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Bo Bennett, PhD
Host/Producer of The Toastmasters Podcast and The Humanist Hour

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Bo Bennett, PhD

Host/Producer of The Toastmasters Podcast and The Humanist Hour

Moderator

About Bo Bennett, PhD

I have been podcasting since early 2000 and have produced about a dozen different podcasts over the years. Currently, I am the producer and host of the Toastmasters Podcast, and The Humanist Hour.

See my complete bio at Archieboy Holdings, LLC.
art of podcasting
verbal pauses
Thu, Sep 04, 2014 - 06:58 AM

Ummm... Er..... Well... how can we get rid of these verbal pauses?




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Bo Bennett, PhD
Host/Producer of The Toastmasters Podcast and The Humanist Hour

Moderator

PrintThu, Sep 04, 2014 - 06:58 AM
As a long time public speaking professional and Distinguished Toastmaster, it has been embedded in my brain that verbal pauses, better known as "Ummm... errrr.... so..... and....." are one of the worse speaking crimes that one can commit. I have found this to be true in public speaking since non-verbal pauses can be so effective. But is that rule valid in podcasting? If you want the quick answer, it is "depends". For the long answer, read on.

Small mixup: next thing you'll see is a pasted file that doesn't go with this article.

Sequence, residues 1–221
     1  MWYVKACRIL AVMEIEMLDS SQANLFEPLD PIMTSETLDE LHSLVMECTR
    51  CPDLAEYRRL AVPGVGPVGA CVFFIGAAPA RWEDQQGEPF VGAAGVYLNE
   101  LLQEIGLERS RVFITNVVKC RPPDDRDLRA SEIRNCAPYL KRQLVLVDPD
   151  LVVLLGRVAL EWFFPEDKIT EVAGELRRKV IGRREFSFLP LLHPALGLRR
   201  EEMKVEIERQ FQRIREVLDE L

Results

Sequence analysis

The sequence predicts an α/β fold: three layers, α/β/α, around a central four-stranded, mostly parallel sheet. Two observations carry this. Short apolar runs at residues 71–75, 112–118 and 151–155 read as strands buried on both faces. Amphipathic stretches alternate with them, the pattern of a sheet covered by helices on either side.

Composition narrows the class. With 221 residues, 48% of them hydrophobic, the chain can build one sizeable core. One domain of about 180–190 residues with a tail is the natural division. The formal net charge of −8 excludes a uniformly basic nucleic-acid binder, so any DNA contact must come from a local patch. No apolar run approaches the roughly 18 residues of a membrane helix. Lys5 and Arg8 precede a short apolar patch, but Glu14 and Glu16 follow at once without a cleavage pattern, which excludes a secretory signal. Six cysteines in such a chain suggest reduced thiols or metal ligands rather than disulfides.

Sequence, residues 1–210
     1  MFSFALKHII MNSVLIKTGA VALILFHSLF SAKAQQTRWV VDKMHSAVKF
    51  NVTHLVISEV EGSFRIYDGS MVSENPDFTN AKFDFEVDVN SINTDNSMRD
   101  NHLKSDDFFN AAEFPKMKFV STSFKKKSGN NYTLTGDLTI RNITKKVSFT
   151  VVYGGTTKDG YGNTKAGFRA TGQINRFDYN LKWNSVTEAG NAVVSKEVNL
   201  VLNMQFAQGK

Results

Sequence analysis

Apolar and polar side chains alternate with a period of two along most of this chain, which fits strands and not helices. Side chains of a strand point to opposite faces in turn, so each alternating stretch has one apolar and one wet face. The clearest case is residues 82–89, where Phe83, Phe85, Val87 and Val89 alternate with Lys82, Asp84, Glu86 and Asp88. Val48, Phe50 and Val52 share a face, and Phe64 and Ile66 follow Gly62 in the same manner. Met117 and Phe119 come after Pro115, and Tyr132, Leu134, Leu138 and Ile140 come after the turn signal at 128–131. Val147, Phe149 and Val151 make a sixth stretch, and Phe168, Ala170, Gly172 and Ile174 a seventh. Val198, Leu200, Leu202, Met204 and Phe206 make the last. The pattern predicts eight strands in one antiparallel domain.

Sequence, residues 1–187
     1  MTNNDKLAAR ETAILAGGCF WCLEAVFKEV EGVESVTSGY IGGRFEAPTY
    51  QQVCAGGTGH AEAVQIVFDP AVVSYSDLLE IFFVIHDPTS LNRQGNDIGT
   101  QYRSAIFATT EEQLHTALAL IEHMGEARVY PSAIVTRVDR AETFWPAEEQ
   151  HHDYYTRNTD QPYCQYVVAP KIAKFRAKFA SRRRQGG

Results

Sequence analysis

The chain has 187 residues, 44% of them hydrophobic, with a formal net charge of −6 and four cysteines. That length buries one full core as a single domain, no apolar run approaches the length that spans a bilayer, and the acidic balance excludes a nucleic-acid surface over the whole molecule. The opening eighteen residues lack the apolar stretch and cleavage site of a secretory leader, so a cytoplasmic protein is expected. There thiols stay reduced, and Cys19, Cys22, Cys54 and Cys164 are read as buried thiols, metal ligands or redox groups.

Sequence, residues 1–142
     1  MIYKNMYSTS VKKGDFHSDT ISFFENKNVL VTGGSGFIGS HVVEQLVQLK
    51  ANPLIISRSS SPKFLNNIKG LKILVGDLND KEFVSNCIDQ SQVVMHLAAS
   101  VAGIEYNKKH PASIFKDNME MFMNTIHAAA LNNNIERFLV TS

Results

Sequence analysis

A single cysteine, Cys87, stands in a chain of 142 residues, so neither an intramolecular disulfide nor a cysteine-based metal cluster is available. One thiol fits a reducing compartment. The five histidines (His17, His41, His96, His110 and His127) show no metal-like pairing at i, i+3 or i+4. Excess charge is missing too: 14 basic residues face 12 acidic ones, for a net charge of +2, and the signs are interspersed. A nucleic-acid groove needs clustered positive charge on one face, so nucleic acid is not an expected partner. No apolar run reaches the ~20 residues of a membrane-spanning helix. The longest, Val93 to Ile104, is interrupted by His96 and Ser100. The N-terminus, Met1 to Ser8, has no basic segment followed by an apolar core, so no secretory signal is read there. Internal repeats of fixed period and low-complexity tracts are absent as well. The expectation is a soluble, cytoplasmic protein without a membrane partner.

Without doubt, a speaker's ability to construct a valid and topical sentence without using any of the verbal pause crutches is ideal. However, we all know how difficult that can be. Since communication is mostly non-verbal, a speech in front of a live audience can replace verbal pauses with silent ones. This shows the audience that the speaker is in control of his or her speaking. The audience knows more is coming by the facial expressions made during the silent pauses. But podcasting is a different medium than live public speaking.

In audio podcasting, all communication is verbal. A silent pause in an audio podcasting is known as "dead air" and can create an unprofessional and awkward moment. "Dead air" in a podcast is the equivalent of a speaker with his fly down in a public speech. The silent pauses are even worse when multiple people are on a show jousting to make their voices heard. A pause is an opportunity for someone else to jump in leaving your unfinished thought hanging out there.

Here are some techniques you can use to avoid using verbal fillers.

Become aware. The more aware you are of your use of these, the less you will use them.

Practice. Practice speaking without them.

Know your material well. If you know what you are going to say, you will rarely need to use a filler.


Remember, in podcasting verbal fillers are better than dead air and certainly better than someone interrupting your thought, so use them if needed, but practice not needed them.
Bo Bennett, PhD
The Dr. Bo Show > http://www.TheDrBoShow.com
About Me > http://www.bobennett.com
Online Courses I Teach > http://www.bobennett.com#onlinecourses
Speaking Availability / Interviews > http://www.bobennett.com#speaking
My Published Books > http://www.bobennett.com#books
Podcasts I Host > http://www.bobennett.com#podcasts

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